Sheppard Home Liftgreenspun.com : LUSENET : Elevator Problem Discussion : One Thread
am currently in the process of refurbishing the interior of a sheppard home lift, circa early 60's and was looking for the electrical schematics or general manuals. seems that this thing is a real antique, and I have had no luck finding any information. it also appears to be mechanically sound and built to outlast me.
thanks in advance.
-- Steve (firstname.lastname@example.org), October 18, 2004
Hi There, Is that a chain driven drive elevator. Jim
-- Jim (ELEVATOR555@HOTMAIL.COM), October 18, 2004.
In the UK these were chain driven and sold through Hammond & Champness now part of Thyssen. They also had a poor gearbox which should be replaced if you are doing any refurbishment. Try your local office of Thyssen Lifts some one should have some information
-- geoff judge (email@example.com), October 19, 2004.
Hi Steve, I worked on one of those once and it worked pretty good, does the code still allow chain driven home lifts. Didnt Dover purchase Shepard many years ago. I might have a Shepard elevator print. Jim
-- Jim (firstname.lastname@example.org), October 19, 2004.
Even ThyssenKrupp won't want to know, they distanced them self's from this type of lift after a few bad accident in the uk a few years back. I look after some sites that still have these lift but they have been boarded up to prevent them being used
-- bil jac (email@example.com), October 20, 2004.
The HomeLift was originally a product of Shepard Elevator Co. of Cincinnati, Ohio. This company was purchased by Dover Corp. in the 50's. The residence elevator product line was discontinued by DOVER in the 70's.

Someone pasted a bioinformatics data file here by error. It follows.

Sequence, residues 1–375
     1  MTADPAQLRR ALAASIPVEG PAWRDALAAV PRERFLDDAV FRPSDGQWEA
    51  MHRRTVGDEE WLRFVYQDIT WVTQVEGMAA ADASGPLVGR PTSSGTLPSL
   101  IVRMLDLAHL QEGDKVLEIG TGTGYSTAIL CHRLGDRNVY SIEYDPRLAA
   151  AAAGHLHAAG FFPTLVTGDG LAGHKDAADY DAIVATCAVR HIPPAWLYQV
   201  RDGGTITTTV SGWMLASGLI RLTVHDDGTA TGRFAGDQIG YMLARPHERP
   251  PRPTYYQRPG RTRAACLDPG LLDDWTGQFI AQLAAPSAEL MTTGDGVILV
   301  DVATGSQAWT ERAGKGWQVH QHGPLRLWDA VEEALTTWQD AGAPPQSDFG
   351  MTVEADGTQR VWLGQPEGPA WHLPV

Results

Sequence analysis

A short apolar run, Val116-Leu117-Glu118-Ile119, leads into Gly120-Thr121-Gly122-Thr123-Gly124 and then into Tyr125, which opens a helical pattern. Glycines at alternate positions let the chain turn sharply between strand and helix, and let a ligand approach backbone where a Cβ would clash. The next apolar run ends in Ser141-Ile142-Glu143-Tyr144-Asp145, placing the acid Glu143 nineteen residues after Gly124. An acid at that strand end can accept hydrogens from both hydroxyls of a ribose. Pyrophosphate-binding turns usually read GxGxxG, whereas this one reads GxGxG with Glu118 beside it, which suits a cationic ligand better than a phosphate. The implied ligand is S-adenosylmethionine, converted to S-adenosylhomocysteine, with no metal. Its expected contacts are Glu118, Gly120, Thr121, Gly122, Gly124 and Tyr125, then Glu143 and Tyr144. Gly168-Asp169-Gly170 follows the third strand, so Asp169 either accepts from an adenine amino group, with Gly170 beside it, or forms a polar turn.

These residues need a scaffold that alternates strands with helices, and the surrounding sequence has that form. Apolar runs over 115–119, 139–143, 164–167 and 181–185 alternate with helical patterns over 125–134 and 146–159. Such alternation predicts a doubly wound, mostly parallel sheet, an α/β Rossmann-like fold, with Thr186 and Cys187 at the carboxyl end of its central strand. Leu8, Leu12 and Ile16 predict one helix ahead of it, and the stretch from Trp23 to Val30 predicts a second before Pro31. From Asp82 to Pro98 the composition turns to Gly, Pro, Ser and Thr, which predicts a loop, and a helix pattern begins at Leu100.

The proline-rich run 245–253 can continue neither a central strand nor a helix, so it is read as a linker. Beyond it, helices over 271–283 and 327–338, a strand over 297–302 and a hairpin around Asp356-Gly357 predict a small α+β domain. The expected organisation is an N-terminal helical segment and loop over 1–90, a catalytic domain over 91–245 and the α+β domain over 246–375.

ThyssenKrupp purchased the elevator operations of DOVER in the late 90's.
Hammond and Champness made a version of the product under license in the UK.
I never heard of any significant accidents with the US product.
ThyssenKrupp's Access Elevator Division currently makes a product which is distinctly reminiscent of the HomeLift.
-- John Brannon (firstname.lastname@example.org), October 20, 2004.
Wow John, just found them on the net, sent a shiver down my spine...... http://www.accessind.com/index.html
-- bil jac (email@example.com), October 21, 2004.
For those unaware of the history of this company. It was originally called "Project and Design" and at the time sold the narrowest stairlift on the market which when folded was 7inch wide and was perfect on staircases in old cottages. They became part of TK years ago and started to sell their equipment. Some of the pictures on the "accessind" website are used in the UK for disabled pesrons in their home environment. The problem with the UK version of the Sheppard was the gearbox, and from memory it was a box manufactured by Jonas Webster. This was a 4inch gearbox and was running at or near its max weight carrying capacity at all times 2 elderly ladies were killed when all the teeth stripped from the worm wheel and others were found with badly worn teeth. I can remember one of these gears on a hoist which brought beer up to a bar in Bradford UK, which crashed and the shock loading threw the motor/gearbox assembly out through the motor room door on to the floor were the barstaff were working ,and dragging the conduit runs and 3 phase wiring (240v a.c. perphase) out with it, so that the bar staff dare not walk past it to leave